You have an invention idea and you apply for a patent application. But what if someone has already patented that idea? All your hard work has been in vain. You wouldn’t have had this problem if you had done a prior art search before filing the application, though. A prior art search is a search for all patent applications and patents that are related to your invention idea. There are companies whose sole job is to do prior art searches. They have access to databases from around the world and can provide you with a list of patent applications and patents related to your invention. A patent practitioner can take that list and look through all the applications and patents and see what they claim.  If he thinks that your invention can claim something that’s different from what’s claimed in the list, then your invention may be patentable.  There are some patent practitioners who do their own prior art searches. They most likely don’t have access to all the databases and tools prior art search companies have access to, though. Going through a company that routinely does prior art searches will likely give you a more comprehensive list.  The bigger the list is, the less surprised you’ll be by the patent examiner looking over your application. The examiner will do his own prior art search and come up with his own list. You want your list to match his list as much as possible. By having access to more databases than a patent practitioner, a prior art search company is your best bet of your list matching up with the examiner’s list. You’ll be more prepared if the examiner issues a rejection of your application based on a document on his list. If your application is likely to face rejection, wouldn’t you like to know that beforehand? Doing a prior art search before filing an application can save you a lot of money in patent practitioner fees, filing fees, and other fees. A typical prior art search can cost around $500, but don’t skimp on this step. $500 early on trumps thousands of dollars of fees later on. This article was previously published at http://www.neilithompson.com/. Thank you to Neil Thompson, patent agent & writer, for sharing with our SDEE community.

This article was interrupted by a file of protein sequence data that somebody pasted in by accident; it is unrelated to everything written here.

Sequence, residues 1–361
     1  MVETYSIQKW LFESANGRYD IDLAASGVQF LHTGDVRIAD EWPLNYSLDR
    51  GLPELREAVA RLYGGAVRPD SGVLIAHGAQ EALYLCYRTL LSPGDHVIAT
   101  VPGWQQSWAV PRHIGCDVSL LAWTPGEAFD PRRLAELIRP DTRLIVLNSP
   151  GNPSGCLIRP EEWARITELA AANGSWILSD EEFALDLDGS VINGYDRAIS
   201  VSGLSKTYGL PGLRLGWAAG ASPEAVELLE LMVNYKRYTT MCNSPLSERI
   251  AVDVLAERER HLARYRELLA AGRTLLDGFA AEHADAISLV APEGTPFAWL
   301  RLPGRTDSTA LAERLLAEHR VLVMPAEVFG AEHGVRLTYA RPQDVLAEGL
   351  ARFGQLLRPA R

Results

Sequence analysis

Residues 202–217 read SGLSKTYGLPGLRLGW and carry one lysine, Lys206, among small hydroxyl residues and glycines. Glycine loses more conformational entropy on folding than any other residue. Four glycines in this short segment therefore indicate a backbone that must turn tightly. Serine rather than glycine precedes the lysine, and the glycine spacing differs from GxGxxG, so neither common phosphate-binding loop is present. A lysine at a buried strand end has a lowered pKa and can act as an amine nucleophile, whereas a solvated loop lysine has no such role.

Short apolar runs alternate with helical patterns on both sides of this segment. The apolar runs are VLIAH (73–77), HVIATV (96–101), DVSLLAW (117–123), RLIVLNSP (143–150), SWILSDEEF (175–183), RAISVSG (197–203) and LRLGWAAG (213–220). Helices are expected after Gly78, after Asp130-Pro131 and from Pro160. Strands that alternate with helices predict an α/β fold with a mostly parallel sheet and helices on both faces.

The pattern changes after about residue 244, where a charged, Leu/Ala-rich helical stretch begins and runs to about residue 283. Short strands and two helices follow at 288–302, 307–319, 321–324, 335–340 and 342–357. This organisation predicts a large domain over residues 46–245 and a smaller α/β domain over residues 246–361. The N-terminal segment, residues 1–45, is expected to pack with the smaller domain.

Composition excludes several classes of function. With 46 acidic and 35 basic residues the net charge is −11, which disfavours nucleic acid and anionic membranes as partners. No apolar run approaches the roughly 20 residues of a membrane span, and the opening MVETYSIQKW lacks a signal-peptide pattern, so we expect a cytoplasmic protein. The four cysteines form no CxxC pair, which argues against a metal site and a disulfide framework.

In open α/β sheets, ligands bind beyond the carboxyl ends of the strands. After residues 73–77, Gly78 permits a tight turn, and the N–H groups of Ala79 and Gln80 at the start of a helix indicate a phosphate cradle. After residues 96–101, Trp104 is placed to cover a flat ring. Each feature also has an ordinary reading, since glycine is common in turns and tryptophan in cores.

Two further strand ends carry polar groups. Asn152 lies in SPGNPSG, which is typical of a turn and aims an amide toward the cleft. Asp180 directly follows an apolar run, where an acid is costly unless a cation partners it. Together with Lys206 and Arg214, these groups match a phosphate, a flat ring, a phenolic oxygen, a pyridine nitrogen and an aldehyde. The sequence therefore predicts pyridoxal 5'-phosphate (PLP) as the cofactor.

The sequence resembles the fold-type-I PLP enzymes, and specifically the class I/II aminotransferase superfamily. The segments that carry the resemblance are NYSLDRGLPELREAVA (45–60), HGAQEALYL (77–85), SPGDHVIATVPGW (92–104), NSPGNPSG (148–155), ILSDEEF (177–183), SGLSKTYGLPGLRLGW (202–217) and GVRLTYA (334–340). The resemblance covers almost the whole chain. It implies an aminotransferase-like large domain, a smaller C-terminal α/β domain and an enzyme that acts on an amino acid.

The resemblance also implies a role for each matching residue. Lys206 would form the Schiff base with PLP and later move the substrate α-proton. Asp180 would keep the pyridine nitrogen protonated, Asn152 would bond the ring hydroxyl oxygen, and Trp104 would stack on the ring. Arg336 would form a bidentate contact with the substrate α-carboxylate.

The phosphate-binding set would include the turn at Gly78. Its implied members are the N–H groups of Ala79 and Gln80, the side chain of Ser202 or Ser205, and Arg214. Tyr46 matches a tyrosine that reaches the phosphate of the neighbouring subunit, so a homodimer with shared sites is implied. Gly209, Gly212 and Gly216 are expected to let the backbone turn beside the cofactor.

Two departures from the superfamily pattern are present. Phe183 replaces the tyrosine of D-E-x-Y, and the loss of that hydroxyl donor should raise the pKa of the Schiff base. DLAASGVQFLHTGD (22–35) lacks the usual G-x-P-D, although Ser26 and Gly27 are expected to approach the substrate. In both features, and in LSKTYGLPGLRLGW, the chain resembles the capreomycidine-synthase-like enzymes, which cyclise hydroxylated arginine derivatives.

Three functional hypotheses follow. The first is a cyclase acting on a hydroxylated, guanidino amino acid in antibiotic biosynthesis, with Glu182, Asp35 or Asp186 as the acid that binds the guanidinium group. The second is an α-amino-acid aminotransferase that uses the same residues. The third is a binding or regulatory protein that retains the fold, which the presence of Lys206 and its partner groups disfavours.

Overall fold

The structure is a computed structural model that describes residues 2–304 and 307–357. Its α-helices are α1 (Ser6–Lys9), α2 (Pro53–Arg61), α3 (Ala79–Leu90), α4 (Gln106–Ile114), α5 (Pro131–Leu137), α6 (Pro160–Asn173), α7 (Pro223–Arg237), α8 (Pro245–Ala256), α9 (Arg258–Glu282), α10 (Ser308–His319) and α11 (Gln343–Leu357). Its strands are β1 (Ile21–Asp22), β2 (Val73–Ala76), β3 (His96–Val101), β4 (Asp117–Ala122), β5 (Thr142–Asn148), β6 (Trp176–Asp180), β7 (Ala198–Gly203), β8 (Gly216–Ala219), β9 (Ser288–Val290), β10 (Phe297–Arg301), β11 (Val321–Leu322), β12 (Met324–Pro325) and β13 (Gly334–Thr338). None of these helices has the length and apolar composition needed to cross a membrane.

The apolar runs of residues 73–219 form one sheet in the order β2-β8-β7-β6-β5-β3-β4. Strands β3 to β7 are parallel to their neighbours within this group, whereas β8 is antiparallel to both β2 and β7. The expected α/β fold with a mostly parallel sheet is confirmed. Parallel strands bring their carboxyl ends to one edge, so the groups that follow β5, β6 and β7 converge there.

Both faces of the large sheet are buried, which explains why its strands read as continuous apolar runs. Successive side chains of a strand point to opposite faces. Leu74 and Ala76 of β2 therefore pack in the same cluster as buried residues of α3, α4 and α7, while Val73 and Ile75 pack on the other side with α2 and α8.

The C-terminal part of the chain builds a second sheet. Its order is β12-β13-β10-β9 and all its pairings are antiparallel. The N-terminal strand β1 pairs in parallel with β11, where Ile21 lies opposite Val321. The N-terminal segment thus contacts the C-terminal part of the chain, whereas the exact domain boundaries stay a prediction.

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Knobe Martens Duane Morris

SDEE is a nonprofit 501(c)(3) organization founded by local San Diego entrepreneurs
in order to provide a voice for the early stage start-up, to support new entrepreneurs and their companies,
and to sponsor networking and educational events
to help develop the skills necessary to bring funding, business, and jobs to the San Diego area.